Bush Garden has seen better days, but the karaoke is fun
Seattle Times restaurant critic
I was sitting at the sushi bar at Bush Garden when a waitress approached with the age-old greeting "Can I bring you something to drink?" Sure, I said, "What kind of sake do you have?" She fixed me with a look that read "Excuse me?" and described my options: "Hot or cold."
You've got to love this place, best-embraced for its historical significance. Open since 1953, it holds the distinction of being Seattle's oldest continuously operating Japanese restaurant. Who can resist that old-fashioned Asian décor (the once grand lobby, with its rickety wooden bridge, could double as a stage-set for a high-school production of "South Pacific") or fail to give thanks for free parking here in the Chinatown International District? And what about that karaoke bar?
In its heyday, Bush Garden was one of Seattle's few fancy-pants dining destinations and the ultimate in exotic eats. Today — in a city packed tightly as a bento box with high-end dining spots, great neighborhood mom 'n' pop Japanese cafes and superior sushi bars — it's a few chopsticks short of a has-been. The menu may be long on Japanese-American favorites, but it's short on inspiration.
But let's face it: People don't flock here for the food, which, to its credit, is priced to sell. So what keeps this hallowed haunt going after 50 years? Well, it's no longer the upstairs banquet facilities — mothballed after the place sold in 1997. My guess is it's the comfort that comes from a restaurant heavily imbued with nostalgia. And have I mentioned the fun-filled karaoke bar?
I would love to tell you about my dinner in one of the traditional tatami rooms — a suite of straw mat-covered spaces built around low tables and divided by painted shoji screens. But my plans for a shoeless sukiyaki supper went south when I called to postpone a 7:30 reservation by an hour. Turns out they'd lost the reservation ("What did you say your name was?") and the tatami rooms would be closing at 8 p.m. (on a Friday night?). "We're short-staffed," the hostess explained.
That didn't appear to be the case when we arrived at 8:30, taking a seat at one of a half-dozen comfy booths-for-four surrounding a lengthy sushi bar and robata (grill). There was nary a tush at the sushi bar and only a few booths occupied, but several waitresses were busy ferrying appetizers to a crowd in the bar. A waiter stopped by to offer refreshment and when I inquired about sake choices he paused before answering: "Large or small." Have a large. It's small.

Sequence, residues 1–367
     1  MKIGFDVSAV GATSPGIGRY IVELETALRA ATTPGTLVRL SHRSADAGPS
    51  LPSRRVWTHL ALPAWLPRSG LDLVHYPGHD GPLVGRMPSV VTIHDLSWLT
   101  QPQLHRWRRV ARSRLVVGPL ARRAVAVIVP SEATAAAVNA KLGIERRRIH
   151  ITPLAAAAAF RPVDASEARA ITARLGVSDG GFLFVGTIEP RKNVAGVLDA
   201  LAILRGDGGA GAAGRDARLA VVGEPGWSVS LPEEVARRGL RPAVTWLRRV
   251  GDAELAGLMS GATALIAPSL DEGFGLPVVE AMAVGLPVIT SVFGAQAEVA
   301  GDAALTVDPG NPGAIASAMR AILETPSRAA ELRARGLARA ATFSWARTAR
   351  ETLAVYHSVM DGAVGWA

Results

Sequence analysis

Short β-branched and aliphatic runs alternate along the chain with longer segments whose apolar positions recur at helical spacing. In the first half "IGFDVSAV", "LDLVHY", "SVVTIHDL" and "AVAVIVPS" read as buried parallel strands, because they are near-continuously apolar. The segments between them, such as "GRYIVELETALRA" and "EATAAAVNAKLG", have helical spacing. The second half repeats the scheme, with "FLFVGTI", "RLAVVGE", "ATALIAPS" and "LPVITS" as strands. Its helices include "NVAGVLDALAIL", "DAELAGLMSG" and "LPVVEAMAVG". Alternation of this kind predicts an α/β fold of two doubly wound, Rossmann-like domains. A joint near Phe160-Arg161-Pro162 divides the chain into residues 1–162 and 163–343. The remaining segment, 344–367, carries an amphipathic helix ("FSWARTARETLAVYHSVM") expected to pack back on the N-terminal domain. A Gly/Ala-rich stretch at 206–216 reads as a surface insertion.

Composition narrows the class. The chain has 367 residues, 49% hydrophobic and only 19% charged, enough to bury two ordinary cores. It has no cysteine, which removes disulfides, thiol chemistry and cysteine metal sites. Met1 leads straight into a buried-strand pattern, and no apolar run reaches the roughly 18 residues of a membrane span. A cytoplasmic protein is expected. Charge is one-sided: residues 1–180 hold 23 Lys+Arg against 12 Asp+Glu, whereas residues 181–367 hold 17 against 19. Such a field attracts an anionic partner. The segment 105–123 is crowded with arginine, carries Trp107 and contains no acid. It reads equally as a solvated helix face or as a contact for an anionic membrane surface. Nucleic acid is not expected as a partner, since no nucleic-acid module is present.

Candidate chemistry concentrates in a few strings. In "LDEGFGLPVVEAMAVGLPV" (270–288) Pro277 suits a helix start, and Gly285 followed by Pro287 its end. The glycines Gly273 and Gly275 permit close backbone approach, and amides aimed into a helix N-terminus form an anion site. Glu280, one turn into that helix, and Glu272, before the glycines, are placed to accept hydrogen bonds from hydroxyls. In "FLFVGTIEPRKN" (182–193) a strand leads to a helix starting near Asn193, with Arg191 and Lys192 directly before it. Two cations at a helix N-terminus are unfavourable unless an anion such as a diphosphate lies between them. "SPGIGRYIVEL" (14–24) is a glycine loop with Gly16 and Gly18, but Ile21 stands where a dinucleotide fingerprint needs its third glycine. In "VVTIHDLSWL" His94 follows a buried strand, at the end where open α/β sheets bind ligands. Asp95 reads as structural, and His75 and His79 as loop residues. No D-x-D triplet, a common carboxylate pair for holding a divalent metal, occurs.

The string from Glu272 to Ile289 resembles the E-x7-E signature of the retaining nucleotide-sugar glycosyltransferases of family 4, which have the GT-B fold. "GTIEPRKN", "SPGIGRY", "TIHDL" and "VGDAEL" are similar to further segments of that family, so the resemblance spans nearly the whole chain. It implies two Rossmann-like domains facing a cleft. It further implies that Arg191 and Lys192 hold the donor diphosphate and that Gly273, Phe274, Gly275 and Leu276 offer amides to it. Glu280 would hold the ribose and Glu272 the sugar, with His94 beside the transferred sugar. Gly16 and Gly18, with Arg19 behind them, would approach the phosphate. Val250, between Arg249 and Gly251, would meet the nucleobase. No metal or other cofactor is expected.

A sushi chef for 30-plus years — the past five spent in the dim confines of Bush Garden — co-owner Masa Sakata is quiet and purposeful, quick and responsive, aware when a server fails to offer more tea, miso soup or another beer, making sure the job gets done when service gets spotty. He occasionally makes soba noodles by hand, marinates a mean mackerel for buttery saba ($3) and does a fine job fashioning hand-rolls to customers' specifications.
Sakata-san's signature "Bush Roll" offers a substantial amount of tuna, salmon and yellowtail tossed with chili-spiked mayonnaise ($4.75), a much better bet than his spider roll, with fishy-soft-shell crab ($7.95). Overall the sushi bar suffers from lackluster quality (where's the seafood shine?) and limited scope.
So what? Get over it! Each night, beginning at 9:30, seafood plays second-fiddle to the see-food when patrons take the stage to sing their hearts out accompanied by soundtracks and video visuals. They nosh, they drink, they channel Barry White and Roberta Flack and warble Hawaiian love songs. On one recent night they even got to hear my sake-fueled version of "My Funny Valentine." (Don't laugh! They didn't.) The fun came after I'd sampled heavily-breaded oyster katsu with a cloying fruit sauce ($11.95); a properly oily black cod kasuzuke marinated in sake paste and grilled ($15.95); and a serviceable combo with tender grilled beef, tempura and a vapid California roll ($11.95).
As much as I love the karaoke bar at night, lunchtime's another story. Then it becomes the dining-venue for parties of five or more, who can examine the stained carpet and enjoy the scent of stale smoke. Here I slurped uninspired nabeyaki udon ($9.75) whose best feature was a cooked egg, and sampled several specials ($7.25) served with salad, frozen green beans, fresh melon and dual-picks from the "most popular dinner menu item." These included winners (shrimp and vegetable tempura, deep-fried pork cutlet; chubby barbecued pork ribs) and losers (dry mackerel and salty salmon teriyaki; slightly "off" chicken teriyaki and deep-fried "creamy crab cakes" that were more cream than crab).
Little did I know: We could have reserved a tatami room at lunch though the hostess admitted it's not a great idea. Tatami-room service can suffer, she said. As if on cue, a woman rose from her tatami mat and poked her head into the bar: "Excuse me," she trilled. "Can someone come in here and take our order?" It was all I could do not to say, "Send her a large cold sake — on me!"
Nancy Leson: 206-464-8838 or firstname.lastname@example.org
Information in this article, originally published May 9, was corrected May 16. Bush Garden, open since 1953, is Seattles oldest continuously operating Japanese restaurant. It is not the longest-lived, as stated in a previous version of this review. That distinction goes to Maneki, 304 Sixth Ave. S. Believed to have opened in 1904, Maneki closed for several years during the Japanese internment and reopened in its present location in 1946. Maneki closed in 1993 for a year during a renovation.